First Choice

Rich’s Culinarians invited to support prestigious CIA Worlds of Flavor Conference

Each year, the Culinary Institute of America (CIA) hosts an annual conference that is likened to the Oscar’s of the culinary world. It brings together international chefs, exotic ingredients, native cooking techniques and, as the name suggests, Worlds of Flavor. It’s quite simply a chef’s Nirvana. Two of Rich’s professional culinary team members were invited to California to support the event by working in the CIA kitchens alongside the guest chefs preparing unique local cuisine. The chefs bring back a rare culinary experience that ignites the senses and stocks the pantry with new ideas and cooking methods.

Chefs Jake Brach and Brian Heidbrink were invited to the conference by CIA chef Tucker Bunch after visiting the CIA Greystone Campus in St. Helena, CA, this fall for a continuing education session with Rich’s contingent of chefs. The CIA alumni were honored by the opportunity to attend and be a part of this prestigious event for the first time in their culinary careers.

“It was an extraordinary experience,” said Brach. “Just to attend the event is a privilege but to be behind the scenes, to the see the planning and to work with these phenomenal chefs from around the world is an experience very few in our field get to boast.”

The CIA’s Worlds of Flavor® International Conference & Festival is widely acknowledged as one of the most influential professional forums on world cuisines, food cultures, and flavor trends. More than 60 guest chefs and culinary experts from around the world explore the best of world cuisines that are reshaping American palates and the foodservice industry. The “must attend” event is limited to just 700 leading chefs, corporate menu decision-makers, foodservice management executives, suppliers, and media.

The event was themed, ‘Arc of Flavor’ – Re-Imagining Culinary Exchange, from the Mediterranean and Middle East to Asia, and featured demonstrations, presentations, and tastings by leading chefs and culinary experts from more than 20 cultures and cuisines, including Israel, Lebanon, Turkey, Spain, Morocco, Indonesia, Sri Lanka, Iceland, the United Arab Emirates, and many more.

Rich’s chefs were each assigned to a guest chef’s team and worked closely with them throughout the week to prepare their exquisite menu items.

Brach worked primarily with a Sicilian pastry chef, Corrado Assenza, who has a café and ice cream shop in Noto, Sicily. Assenza is known for using all-natural, local ingredients in his dishes.

“Chef Assenza introduced me to some of his unique cooking techniques and local ingredients like nuts and honey,” said Brach. “We made a delicious, paste-like slurry using a native technique to blend walnuts and water.”

“I learned many cooking methods that I would have never thought of if I hadn’t seen them for myself,” said Brach. “I could think of immediate applications for our customers and Rich’s products.” 

Heidbrink worked closely with two Turkish chefs; Semsa Denizsel, the chef-owner of Kantin Restaurant in Istanbul where she is known as the Alice Waters (farm to table) of Turkey; and Somer Sivrioglu, chef-owner of Efendy in Balmain, Australia. Sivrioglu spent 25 years in his native Istanbul before moving to Australia and opening Efendy.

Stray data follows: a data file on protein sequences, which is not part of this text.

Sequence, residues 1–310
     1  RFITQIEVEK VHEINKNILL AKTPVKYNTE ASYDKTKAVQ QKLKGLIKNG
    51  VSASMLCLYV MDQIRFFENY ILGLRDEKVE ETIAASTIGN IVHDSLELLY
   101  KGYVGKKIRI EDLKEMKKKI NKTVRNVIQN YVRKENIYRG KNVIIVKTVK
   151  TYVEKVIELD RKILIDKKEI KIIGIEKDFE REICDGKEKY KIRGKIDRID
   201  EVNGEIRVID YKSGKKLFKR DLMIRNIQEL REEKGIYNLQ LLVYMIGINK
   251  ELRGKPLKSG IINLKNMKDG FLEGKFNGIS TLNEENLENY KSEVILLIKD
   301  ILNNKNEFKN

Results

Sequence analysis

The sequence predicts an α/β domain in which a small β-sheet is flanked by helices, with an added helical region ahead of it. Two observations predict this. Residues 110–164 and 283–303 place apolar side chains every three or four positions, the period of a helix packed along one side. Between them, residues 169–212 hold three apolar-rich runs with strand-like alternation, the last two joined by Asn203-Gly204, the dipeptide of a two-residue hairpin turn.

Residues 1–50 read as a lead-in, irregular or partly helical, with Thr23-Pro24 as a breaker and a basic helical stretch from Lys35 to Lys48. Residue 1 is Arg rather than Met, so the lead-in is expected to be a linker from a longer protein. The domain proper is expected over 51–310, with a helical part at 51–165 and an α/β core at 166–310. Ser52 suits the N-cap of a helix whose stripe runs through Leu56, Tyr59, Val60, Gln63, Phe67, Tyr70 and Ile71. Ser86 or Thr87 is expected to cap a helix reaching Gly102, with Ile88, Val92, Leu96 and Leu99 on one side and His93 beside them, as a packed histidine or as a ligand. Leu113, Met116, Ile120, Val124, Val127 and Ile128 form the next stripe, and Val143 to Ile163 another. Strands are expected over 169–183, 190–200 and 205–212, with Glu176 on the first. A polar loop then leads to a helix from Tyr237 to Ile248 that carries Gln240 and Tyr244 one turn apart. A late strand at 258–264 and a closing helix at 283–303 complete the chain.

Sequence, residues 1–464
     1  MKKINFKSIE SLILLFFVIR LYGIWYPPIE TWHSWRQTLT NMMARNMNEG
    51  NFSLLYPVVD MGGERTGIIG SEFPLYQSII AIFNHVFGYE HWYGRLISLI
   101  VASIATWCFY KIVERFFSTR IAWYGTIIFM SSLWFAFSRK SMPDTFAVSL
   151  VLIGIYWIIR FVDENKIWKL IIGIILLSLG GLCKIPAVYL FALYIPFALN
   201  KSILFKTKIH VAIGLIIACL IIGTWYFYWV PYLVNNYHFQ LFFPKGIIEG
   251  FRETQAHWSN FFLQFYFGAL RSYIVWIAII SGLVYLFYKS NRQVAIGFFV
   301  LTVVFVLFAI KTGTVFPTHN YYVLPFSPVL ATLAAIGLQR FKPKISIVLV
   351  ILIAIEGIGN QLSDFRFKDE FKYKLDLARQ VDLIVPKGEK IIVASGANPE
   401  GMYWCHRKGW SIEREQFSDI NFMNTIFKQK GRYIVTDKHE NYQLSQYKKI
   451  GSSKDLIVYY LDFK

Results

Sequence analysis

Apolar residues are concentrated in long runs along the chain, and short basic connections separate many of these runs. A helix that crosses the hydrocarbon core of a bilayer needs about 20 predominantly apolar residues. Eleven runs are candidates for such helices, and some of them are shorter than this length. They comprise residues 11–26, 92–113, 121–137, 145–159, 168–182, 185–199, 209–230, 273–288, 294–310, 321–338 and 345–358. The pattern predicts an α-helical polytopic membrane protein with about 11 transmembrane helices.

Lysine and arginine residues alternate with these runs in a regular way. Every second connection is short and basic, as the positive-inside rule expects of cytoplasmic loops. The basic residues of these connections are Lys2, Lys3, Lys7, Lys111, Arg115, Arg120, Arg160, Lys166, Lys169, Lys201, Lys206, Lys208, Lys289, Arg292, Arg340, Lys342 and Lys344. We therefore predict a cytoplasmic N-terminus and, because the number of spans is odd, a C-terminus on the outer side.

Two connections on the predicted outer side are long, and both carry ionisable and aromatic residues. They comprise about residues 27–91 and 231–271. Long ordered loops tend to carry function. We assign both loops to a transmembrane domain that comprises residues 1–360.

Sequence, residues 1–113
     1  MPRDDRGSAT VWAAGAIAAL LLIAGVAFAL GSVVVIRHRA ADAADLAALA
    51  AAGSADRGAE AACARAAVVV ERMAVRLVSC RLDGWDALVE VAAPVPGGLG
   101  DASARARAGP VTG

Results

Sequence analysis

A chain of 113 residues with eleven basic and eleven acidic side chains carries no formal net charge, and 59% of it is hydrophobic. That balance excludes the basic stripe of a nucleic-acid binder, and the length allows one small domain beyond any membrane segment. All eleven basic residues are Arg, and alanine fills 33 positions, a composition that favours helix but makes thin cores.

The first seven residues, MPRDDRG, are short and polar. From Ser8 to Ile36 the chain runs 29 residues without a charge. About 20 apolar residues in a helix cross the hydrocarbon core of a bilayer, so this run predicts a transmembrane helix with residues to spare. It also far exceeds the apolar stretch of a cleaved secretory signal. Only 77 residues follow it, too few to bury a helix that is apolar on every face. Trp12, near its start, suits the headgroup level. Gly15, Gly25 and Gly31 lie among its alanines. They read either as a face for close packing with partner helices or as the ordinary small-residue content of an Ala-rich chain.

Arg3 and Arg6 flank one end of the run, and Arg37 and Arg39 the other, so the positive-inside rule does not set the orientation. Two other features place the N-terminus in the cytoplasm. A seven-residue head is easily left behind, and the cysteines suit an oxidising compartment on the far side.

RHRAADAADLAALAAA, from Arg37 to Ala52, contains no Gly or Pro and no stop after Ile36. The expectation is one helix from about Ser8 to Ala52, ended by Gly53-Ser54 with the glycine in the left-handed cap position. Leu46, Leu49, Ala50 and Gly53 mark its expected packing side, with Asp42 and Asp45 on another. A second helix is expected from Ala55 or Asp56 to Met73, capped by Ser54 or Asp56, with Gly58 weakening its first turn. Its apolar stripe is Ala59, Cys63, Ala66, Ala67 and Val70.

“There were no celebrity chefs at this event, just hardworking international chefs who are in their kitchens each day, perfecting their native cuisine,” said Heidbrink. “Many of them brought their own equipment and rare ingredients with them. It was remarkable to see.”

Sivrioglu taught Heidbrink to make his signature Turkish Wedding Soup, which is a traditional dish using shredded chicken but he thickens the soup with yogurt rather than cream.

There was a bit of gesturing and working through the slight language barriers with the visiting chefs, but both of Rich’s culinarians agreed that when so many extraordinary chefs gather from around the world and work together so effortlessly it’s obvious that food indeed is a universal language.

“There’s no such thing as a language barrier when you’re talking food,” said Heidbrink. “A pepper is a pepper all over the world. It didn’t take long to understand each other and develop a rhythm in the kitchen.”

Each day at the conference began early and ended late in the evening, and while the chefs worked tirelessly in the kitchens alongside the talented international chefs, they took in a visual array of culinary sites to behold.

“There were bamboo steamers piled-up and flames jumping out of the woks of the Chinese contingent, and mountains of mint leaves being picked, and artichokes being cleaned at the Istanbul Turkey station,” said Brach. “Meanwhile, I was busy with Chef Assenza grinding pistachios, and walnuts, and making saffron pasta for the desserts we were preparing.”

“The chefs I worked with and the experience I gained are amazing stories to take back and share with my fellow culinarians and our customers,” said Heidbrink. “My mind is always thinking about food and I am always looking for ways to grow and learn. This was a great way to advance my skills.”

Both chefs credited the support of Rich’s Senior Leadership, particularly Mark Eister and Paul Rich, for making the experience possible.

“We immersed ourselves in the experience and took advantage of every learning opportunity,” said Brach.  “We were honored to be invited and to be seen as adding value to the conference. We’re hoping to attend again next year.”

After four grueling days, Rich’s chefs bring back a world of flavor, international inspirations and insights, a host of new techniques and an extraordinary culinary experience to share with their customers and peers.